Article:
If you have ever recruited for a position, you know how difficult it can be to find qualified candidates. In fact, you may look through hundreds of applications before you find a skilled applicant. When you do, you want to be certain your new candidate is employable.
The Immigration Reform and Control Act of 1986 prevents U.S. employers from knowingly hiring workers who lack the legal authorization to work in the country. To confirm work eligibility, you must complete and retain I-9 forms for everyone you hire. Can you ask about citizenship status on an employment application, though?
Citizenship status discrimination
Federal law prohibits most employers from discriminating against applicants and employees based on their citizenship status. As such, you generally cannot ask about citizenship during the hiring process. Of course, in section one of the I-9, individuals must describe their employment eligibility by checking a box indicating they are a citizen, permanent resident or someone who has another type of work authorization.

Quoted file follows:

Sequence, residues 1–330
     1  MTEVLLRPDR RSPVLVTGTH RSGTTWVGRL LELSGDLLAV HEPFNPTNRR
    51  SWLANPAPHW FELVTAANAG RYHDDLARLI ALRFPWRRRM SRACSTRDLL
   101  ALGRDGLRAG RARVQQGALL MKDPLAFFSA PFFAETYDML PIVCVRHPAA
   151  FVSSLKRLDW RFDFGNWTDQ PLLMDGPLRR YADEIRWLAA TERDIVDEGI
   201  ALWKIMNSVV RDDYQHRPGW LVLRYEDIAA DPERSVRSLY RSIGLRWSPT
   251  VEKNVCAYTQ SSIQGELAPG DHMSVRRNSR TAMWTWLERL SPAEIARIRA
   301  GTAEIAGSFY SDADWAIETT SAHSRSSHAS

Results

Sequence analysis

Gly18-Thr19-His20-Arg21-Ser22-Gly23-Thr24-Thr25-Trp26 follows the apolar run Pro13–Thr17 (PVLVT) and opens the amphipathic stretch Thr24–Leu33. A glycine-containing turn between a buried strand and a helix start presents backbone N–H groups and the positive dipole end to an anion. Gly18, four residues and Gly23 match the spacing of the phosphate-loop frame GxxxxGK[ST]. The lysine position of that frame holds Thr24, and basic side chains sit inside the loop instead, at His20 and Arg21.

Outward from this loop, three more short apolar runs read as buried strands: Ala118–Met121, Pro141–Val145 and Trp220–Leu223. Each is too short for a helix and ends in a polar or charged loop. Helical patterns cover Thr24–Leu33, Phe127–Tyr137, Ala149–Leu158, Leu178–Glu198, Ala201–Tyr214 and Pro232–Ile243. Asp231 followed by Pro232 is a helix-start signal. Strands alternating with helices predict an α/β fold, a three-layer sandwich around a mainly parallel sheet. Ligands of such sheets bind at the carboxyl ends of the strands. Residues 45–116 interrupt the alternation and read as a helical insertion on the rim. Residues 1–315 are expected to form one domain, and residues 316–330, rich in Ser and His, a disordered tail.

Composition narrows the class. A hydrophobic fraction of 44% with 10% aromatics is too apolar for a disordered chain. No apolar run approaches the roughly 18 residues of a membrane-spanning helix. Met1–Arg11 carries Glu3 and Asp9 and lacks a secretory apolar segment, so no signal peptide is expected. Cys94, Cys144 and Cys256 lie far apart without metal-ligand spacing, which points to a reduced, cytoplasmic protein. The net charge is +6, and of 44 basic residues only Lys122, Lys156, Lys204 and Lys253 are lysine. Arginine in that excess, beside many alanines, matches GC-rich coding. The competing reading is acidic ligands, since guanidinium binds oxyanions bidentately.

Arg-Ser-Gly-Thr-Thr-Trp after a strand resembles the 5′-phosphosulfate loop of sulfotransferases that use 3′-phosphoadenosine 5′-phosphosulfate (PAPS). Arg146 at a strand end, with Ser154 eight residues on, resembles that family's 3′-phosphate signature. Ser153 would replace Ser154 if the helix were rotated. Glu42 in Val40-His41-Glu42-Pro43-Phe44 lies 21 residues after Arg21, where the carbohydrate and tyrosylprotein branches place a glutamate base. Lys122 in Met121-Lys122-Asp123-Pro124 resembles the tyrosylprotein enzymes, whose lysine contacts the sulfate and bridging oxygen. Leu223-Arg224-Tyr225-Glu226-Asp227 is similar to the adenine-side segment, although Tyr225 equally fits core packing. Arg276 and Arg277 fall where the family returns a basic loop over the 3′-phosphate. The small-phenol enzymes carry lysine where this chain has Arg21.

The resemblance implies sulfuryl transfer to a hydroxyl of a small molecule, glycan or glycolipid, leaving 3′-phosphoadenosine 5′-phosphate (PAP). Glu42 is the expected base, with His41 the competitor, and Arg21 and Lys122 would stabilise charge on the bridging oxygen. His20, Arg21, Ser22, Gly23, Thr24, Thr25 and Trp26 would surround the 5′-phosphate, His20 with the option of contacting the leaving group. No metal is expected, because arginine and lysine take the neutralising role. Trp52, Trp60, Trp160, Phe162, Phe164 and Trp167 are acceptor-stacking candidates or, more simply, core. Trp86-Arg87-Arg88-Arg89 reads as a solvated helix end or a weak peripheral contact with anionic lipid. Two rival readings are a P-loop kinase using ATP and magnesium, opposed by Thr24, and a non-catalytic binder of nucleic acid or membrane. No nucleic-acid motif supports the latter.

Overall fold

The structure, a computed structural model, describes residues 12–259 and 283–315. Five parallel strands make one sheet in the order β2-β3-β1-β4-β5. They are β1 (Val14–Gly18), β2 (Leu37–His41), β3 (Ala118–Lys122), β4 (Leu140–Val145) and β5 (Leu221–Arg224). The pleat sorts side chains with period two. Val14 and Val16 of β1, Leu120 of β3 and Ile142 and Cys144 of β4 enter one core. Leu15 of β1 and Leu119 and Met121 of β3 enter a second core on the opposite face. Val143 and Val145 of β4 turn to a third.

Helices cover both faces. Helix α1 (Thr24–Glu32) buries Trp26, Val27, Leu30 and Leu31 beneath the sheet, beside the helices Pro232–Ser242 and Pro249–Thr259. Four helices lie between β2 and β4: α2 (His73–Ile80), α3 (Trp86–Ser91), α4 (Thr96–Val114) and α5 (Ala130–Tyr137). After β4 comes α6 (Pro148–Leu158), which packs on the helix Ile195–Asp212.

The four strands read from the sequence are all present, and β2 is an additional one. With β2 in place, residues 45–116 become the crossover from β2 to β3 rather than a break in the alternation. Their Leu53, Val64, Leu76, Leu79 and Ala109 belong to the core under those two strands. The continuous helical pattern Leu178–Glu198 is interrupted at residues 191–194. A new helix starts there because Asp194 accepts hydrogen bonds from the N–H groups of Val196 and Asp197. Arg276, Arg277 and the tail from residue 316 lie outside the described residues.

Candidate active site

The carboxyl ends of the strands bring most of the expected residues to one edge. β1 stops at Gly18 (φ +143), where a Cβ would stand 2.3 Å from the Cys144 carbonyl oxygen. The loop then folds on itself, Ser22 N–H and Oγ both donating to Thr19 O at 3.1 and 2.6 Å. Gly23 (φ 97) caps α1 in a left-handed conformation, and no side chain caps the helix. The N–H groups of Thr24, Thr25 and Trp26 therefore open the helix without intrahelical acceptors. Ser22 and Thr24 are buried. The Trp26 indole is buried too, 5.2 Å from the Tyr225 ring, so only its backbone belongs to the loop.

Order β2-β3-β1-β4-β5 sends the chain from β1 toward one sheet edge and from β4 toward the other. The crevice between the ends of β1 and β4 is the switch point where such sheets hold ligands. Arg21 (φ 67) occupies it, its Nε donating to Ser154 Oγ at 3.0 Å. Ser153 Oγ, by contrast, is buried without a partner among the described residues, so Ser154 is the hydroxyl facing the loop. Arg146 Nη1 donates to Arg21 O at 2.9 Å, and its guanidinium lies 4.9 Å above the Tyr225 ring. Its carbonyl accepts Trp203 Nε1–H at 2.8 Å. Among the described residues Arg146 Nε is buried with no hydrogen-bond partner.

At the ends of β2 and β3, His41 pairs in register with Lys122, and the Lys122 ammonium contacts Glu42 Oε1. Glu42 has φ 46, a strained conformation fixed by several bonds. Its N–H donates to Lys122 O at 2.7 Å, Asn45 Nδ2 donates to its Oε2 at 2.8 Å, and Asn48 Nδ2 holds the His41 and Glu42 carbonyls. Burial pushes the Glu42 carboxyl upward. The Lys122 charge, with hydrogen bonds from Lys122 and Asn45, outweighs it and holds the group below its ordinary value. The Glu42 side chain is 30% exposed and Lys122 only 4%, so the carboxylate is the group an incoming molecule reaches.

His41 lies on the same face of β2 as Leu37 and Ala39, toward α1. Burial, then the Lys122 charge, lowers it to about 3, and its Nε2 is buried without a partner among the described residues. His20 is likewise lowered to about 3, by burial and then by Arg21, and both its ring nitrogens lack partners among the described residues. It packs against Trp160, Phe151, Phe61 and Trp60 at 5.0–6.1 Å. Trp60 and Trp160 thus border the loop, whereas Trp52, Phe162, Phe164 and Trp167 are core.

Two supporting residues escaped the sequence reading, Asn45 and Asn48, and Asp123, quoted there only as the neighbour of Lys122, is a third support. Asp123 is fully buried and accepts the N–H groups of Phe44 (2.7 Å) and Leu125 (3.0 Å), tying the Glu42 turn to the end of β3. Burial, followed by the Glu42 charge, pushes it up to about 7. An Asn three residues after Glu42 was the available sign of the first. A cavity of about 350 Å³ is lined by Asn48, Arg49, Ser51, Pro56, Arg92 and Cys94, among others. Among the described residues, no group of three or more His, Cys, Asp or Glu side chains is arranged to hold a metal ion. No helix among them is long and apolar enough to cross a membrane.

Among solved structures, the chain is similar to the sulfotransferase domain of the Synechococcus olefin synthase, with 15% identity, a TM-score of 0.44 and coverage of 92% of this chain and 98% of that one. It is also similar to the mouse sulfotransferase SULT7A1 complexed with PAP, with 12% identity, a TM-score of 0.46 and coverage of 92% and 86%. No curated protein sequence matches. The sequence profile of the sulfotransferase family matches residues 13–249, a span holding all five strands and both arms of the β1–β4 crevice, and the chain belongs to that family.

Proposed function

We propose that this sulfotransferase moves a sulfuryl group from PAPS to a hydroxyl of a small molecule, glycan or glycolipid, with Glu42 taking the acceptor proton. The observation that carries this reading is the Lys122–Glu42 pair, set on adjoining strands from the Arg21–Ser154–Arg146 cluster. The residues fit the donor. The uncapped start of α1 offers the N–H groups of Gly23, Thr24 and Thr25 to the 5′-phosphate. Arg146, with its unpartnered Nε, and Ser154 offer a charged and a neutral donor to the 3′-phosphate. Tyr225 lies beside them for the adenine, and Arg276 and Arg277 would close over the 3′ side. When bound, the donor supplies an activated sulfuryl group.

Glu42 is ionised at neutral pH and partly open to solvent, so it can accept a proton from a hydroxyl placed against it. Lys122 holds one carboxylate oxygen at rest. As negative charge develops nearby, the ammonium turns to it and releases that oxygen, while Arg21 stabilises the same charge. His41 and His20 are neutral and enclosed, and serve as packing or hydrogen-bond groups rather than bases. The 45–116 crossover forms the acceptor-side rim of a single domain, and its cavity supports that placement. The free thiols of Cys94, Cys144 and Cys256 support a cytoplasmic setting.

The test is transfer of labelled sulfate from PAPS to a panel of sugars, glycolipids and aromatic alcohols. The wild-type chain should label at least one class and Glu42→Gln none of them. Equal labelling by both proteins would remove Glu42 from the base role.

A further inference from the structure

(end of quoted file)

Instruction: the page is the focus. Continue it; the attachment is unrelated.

Even if you have no problem hiring workers who are not U.S. citizens, your customers may object. Still, reassigning your employees to keep your clients happy may violate the anti-discrimination provisions in the IRCA. Also, asking certain employees to provide specific documentation to prove their employment eligibility could be problematic. As long as your workers comply with the instructions of the I-9, you should not specify which documents your employees may provide. Becoming familiar with official guidelines for completing the I-9 is not a bad idea.
Exceptions to the Rule
While most employers may not ask about citizenship status, some exceptions exist. If your organization has a legally valid reason for the inquiry, you are probably safe to do so. For example, certain federal contractors, grant recipients and security providers may only be able to employ U.S. citizens.
How you treat applicants and employees matters. If you want to avoid legal trouble, though, you should probably not ask workers about their citizenship status. With a bit of diligence, you can likely minimize your chances of facing a citizenship discrimination charge.